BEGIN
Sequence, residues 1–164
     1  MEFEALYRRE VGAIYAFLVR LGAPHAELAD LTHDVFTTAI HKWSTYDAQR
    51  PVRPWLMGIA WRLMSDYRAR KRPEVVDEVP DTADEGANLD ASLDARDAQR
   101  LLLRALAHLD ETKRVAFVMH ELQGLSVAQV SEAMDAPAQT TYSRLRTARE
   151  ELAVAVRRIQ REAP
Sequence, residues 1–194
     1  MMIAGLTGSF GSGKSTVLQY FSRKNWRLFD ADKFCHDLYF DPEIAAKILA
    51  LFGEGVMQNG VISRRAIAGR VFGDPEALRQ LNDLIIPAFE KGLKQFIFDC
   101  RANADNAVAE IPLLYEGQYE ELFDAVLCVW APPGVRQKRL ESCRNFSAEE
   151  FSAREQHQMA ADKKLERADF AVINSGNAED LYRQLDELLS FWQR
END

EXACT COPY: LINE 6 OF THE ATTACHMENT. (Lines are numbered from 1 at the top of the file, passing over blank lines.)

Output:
Sequence, residues 1–194